CONDORS-In Flight

We’re listening to the sounds of young condors in flight. This month, young condors are learning to fly. Although they’re only about eight months old, the birds already have a wingspan of up to ten feet. I’m Jim Metzner, and this is the Pulse of the Planet, presented by the American Museum of Natural History.

Don Bruning is Chairman and Curator of Ornithology at the Wildlife Conservation Society.

“Young condors when they first start flying, they try and do a lot of flapping because they don’t know how to soar. They have to learn how to soar. Well, of course, flapping takes a lot of energy and they really can’t do a great deal of flapping. Condors generally need wind and cliffs for their survival. If they do not have winds, they usually cannot get airborne. ”

But once they’re airborne, coasting on drafts of warm air called thermals, condors can fly for great distances with little effort, as they search for food.

“You watch them and they’re so majestic in flight. Because of their ability to soar, anyone who would see them has to be impressed by the size of this bird that can sail so motionless. I mean it looks like they’re putting no effort into it because they’re sailing around on thermals constantly. And from that point of view people must have always had the impression that these were really magical birds.”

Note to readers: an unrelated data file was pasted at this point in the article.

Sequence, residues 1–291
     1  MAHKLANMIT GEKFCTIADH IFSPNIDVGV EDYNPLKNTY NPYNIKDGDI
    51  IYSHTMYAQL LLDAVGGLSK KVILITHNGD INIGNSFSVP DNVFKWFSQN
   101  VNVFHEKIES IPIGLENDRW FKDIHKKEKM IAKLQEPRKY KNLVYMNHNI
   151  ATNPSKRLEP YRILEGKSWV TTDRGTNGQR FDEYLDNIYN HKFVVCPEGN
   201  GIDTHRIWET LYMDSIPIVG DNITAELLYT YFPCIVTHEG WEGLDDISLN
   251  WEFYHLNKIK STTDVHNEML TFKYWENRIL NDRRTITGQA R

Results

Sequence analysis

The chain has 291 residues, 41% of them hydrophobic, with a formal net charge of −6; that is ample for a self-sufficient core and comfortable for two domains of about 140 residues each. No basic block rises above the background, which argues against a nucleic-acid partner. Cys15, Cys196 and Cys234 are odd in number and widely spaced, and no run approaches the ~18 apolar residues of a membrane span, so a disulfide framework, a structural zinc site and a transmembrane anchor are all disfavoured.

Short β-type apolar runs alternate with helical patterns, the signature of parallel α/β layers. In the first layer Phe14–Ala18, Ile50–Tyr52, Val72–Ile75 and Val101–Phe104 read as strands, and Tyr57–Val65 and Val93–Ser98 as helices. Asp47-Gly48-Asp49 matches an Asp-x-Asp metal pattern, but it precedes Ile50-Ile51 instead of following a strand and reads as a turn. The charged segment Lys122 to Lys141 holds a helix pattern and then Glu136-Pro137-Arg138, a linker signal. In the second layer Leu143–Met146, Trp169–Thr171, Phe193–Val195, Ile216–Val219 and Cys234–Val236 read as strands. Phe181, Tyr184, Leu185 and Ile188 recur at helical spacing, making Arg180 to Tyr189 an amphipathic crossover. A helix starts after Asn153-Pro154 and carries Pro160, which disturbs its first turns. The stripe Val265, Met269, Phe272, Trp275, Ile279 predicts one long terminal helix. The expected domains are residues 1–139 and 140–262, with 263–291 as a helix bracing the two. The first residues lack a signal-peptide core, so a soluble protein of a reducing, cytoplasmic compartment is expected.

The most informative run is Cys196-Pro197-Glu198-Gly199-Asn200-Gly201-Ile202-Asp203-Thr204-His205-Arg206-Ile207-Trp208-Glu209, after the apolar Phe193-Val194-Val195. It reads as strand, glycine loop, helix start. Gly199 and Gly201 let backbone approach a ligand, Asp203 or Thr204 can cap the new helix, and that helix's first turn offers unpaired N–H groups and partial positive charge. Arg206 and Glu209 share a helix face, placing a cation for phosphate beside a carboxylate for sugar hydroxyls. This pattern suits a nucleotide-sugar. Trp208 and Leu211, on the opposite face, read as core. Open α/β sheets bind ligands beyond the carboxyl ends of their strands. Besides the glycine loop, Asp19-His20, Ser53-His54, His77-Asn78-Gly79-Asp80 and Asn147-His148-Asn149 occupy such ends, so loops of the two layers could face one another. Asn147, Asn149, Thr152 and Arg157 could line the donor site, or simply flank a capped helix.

Our special thanks to Michael Wallace, Monica Schwartz and the Los Angeles Zoo for the condor recordings.

Please visit our web site at www.pulseplanet.com.

Pulse of the Planet is presented by the American Museum of Natural History. Additional funding for this series has been provided by the National Science Foundation. I’m Jim Metzner.

CONDORS-In Flight

Young condors rely on cliffs and strong winds to become airborne.
Air Date:11/13/1998
Scientist:
Transcript:

We're listening to the sounds of young condors in flight. This month, young condors are learning to fly. Although they're only about eight months old, the birds already have a wingspan of up to ten feet. I'm Jim Metzner, and this is the Pulse of the Planet, presented by the American Museum of Natural History.

Don Bruning is Chairman and Curator of Ornithology at the Wildlife Conservation Society.

"Young condors when they first start flying, they try and do a lot of flapping because they don't know how to soar. They have to learn how to soar. Well, of course, flapping takes a lot of energy and they really can't do a great deal of flapping. Condors generally need wind and cliffs for their survival. If they do not have winds, they usually cannot get airborne. "

But once they're airborne, coasting on drafts of warm air called thermals, condors can fly for great distances with little effort, as they search for food.

"You watch them and they're so majestic in flight. Because of their ability to soar, anyone who would see them has to be impressed by the size of this bird that can sail so motionless. I mean it looks like they're putting no effort into it because they're sailing around on thermals constantly. And from that point of view people must have always had the impression that these were really magical birds."

Our special thanks to Michael Wallace, Monica Schwartz and the Los Angeles Zoo for the condor recordings.

Please visit our web site at www.pulseplanet.com.

Pulse of the Planet is presented by the American Museum of Natural History. Additional funding for this series has been provided by the National Science Foundation. I'm Jim Metzner.